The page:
As I behold the snow-covered summit of Wilson Peak, there is an encounter. In fact to speak of a call of the mountains is first to speak of an encounter. For the mountain does not literally speak and in fact does not even act; the encounter is with its beauty, with its form, which draws me to itself. If the mountains are calling through an encounter, then we are left with two philosophical conclusions regarding the relationship it implies – either the mountain itself is calling or another is calling through the mountain. In other words, the mountain is either the speaker or the spoken word.

If the mountain is the speaker, then I am a pantheist (the equation of creation and divinity). Thought the term is modern, pantheism was embodied in antiquity in a variety of religious and spiritual forms, most dominantly in the West under the philosophy of Stoicism. To perceive relationship within a stoic-pantheistic worldview is to,

 “Constantly regard the universe as one living being, having one substance and one soul; and observe how all things have reference to one perception, the perception of this one living being; and how all things act with one movement; and how all things are the cooperating causes of all things which exist; observe too the continuous spinning of the thread and the contexture of the web.” (Marcus Aurelius, Meditations, IV, 40)

This noble philosophical worldview is re-emerging in a new modern form, and is dominant in the hearts of those who are going into the wild. These Alpine Neo-Stoics express the desire for an encounter with creation, whose relationship is determined as non-personal. Virtue is essential, but only those virtues that cultivate the encounter with creation. Religion is not essential because its pantheistic presuppositions inherently reject the need for any other form of revelation. For the Alpine Neo-Stoic, the mountain is divine and shares in our nature, and the call is a mysterious echoing within the one being of all creation.

If the mountain is the spoken word, then I am a monotheist (the participation of creation in divinity). The mountains are calling, but they are the word, the content of the message and not the speaker itself. They speak of the speaker; they call for the caller. They are not the relationship themselves, but invite us deeper into a more hidden, mysterious, and transcendent relationship. With what is the mountain inviting us into relationship? The Proto-Indo-European word to call, ghau (c. 3500 BC), eventually became the Proto-Germanic word Gudan, which for the last 1400 years, has been translated as God. God, the one who calls, through the mountain, is the one I encounter. He speaks through what he created, as he fashioned the mountains to communicate the intelligibility of his being. The mountains, whose beauty holds us captive, are merely the stewards of the call.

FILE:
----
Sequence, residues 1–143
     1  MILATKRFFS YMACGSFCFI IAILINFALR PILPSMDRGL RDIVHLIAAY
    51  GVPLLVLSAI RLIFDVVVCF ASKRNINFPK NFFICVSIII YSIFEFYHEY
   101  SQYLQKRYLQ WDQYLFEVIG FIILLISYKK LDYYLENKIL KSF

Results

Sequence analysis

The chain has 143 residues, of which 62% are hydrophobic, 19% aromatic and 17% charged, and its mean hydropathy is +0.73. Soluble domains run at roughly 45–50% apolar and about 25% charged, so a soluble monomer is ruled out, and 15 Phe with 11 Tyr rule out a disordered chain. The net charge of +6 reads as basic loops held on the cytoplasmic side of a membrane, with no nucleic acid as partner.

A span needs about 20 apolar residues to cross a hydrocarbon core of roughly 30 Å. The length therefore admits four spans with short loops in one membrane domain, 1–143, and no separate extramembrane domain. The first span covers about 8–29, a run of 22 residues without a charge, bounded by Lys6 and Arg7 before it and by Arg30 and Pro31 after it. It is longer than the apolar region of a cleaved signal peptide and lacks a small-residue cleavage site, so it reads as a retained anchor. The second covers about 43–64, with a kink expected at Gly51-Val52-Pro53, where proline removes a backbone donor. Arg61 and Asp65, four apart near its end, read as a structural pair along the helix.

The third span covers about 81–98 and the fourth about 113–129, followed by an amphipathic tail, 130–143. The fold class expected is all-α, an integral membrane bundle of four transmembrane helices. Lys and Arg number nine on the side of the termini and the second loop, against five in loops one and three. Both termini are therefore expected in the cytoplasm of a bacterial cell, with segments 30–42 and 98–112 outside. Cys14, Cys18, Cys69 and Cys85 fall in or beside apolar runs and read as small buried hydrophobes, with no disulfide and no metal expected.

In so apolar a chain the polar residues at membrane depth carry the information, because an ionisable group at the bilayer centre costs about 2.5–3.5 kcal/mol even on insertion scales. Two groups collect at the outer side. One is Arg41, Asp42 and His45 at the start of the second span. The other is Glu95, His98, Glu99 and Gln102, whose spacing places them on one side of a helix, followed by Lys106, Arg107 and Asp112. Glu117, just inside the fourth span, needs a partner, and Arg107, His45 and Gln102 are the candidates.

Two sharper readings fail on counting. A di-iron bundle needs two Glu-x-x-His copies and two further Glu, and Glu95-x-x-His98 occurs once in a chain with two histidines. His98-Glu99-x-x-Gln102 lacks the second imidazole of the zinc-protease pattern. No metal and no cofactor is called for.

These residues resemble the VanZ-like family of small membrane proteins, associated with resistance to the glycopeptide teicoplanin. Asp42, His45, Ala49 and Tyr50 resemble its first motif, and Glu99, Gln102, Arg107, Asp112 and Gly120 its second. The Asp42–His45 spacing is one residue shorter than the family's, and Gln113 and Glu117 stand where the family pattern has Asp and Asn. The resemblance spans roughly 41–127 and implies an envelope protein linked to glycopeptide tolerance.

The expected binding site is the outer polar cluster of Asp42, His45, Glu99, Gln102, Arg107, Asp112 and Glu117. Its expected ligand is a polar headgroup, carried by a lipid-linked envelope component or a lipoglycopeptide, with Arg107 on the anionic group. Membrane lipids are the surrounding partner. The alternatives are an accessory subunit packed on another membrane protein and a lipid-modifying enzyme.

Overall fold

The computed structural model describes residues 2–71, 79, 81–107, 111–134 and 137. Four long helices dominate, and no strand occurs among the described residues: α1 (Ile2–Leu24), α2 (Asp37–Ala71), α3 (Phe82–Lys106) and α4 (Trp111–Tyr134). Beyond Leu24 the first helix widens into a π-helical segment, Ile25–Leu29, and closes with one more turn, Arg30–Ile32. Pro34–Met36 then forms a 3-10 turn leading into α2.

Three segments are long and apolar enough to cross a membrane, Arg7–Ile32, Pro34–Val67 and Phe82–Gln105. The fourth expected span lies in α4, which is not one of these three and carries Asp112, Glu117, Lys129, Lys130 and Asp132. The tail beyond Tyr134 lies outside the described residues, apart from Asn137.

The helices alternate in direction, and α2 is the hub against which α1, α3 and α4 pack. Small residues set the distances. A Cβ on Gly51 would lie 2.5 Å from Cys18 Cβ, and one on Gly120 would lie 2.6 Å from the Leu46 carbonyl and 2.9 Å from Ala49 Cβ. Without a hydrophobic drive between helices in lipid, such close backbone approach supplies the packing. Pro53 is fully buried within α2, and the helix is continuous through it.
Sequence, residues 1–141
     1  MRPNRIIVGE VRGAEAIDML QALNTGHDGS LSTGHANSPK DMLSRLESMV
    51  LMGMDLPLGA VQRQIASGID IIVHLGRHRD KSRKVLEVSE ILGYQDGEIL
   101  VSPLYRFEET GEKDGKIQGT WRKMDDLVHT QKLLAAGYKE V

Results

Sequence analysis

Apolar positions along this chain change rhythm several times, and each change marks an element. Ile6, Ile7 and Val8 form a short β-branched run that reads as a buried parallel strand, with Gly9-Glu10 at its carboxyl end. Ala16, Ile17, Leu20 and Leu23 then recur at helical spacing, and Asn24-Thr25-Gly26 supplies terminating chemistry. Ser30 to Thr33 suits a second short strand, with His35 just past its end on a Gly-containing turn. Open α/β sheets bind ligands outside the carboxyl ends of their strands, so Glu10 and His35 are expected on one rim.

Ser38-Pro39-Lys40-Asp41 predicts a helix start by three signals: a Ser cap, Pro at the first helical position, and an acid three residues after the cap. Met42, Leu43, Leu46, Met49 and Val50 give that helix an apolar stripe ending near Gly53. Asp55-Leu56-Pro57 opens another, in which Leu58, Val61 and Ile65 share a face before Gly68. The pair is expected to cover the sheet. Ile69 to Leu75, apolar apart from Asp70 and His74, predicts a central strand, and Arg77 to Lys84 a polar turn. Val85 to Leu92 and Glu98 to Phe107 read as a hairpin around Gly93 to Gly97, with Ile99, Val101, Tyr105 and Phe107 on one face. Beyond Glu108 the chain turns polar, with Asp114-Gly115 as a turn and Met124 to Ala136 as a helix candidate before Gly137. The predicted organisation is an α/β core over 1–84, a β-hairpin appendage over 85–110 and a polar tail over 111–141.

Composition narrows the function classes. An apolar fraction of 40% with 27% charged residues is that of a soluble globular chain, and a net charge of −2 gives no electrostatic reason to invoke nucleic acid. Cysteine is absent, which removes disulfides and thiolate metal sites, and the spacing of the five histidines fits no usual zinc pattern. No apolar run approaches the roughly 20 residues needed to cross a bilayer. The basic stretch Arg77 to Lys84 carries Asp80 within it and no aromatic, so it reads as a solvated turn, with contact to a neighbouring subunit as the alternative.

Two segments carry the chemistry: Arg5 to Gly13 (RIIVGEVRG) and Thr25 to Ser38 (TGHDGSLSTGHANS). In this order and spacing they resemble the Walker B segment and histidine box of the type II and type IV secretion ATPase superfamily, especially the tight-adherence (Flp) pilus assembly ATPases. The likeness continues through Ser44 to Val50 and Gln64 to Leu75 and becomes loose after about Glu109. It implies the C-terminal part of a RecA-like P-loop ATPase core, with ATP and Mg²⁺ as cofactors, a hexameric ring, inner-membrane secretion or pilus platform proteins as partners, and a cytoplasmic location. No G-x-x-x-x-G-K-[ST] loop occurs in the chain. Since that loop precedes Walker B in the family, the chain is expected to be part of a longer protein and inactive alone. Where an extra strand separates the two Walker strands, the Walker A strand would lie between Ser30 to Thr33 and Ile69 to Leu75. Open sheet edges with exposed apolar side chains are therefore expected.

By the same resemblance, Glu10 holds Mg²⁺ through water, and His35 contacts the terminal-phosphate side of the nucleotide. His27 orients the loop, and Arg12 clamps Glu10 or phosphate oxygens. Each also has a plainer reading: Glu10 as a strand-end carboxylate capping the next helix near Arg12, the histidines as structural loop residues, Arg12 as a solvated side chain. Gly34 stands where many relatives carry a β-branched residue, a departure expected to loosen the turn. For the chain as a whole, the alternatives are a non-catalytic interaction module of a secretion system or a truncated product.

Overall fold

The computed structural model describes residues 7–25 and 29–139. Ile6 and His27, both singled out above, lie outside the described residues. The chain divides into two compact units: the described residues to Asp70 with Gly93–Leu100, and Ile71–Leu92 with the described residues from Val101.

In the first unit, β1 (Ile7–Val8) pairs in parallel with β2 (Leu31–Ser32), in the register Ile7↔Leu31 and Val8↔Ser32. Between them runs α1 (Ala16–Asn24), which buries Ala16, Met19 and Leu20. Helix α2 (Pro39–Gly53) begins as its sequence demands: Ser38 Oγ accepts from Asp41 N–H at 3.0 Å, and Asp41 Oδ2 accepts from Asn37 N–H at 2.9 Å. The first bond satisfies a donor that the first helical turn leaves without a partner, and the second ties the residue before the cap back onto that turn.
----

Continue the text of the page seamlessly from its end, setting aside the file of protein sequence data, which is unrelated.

Greater than all else is the intelligibility of the call of the mountains. The call has content it seeks to convey because of the nature of the relationship conveying it. But what is the content? The mystic Adrienne von Speyr proposes an answer: The Trinity … is the sole content of the creation. This proposal, which is unique to Christian revelation, states that the content is the relationship itself; that God himself is the perfection of relationship, the fullness of personality and love. To profess the intelligibility of a Trinity is to profess that all of creation is a call to relationship; that everything is relational because God himself is relational. In the call of the mountains can be found the key to human existence – we are made for relationship.

So often we flee to the wilderness to escape relationship, as Rousseau and Thoreau have counseled. But to avoid relationship is to destroy humanity. Christopher McCandless, who died in the Alaskan wilderness in 1992, has become an icon of mountain culture. Shortly before his tragic, solitary end, he wrote these beautiful words – Happiness is only real when shared. The Trinitarian God, who created the beauty of the mountains, embeds in their very essence the call to find one’s happiness in the relationship of the other. The egoist mountain life will never satisfy because it is contrary to relationship, contrary to the self-gift of love. Only in the sincere gift of self does man find himself. Only in relationship do I live the fulfillment I am created for. And only in a God who is himself a relationship can I truly perceive the call of the mountains. 

The Mountains are Calling, and I Must Go.

08 / 18 / 2016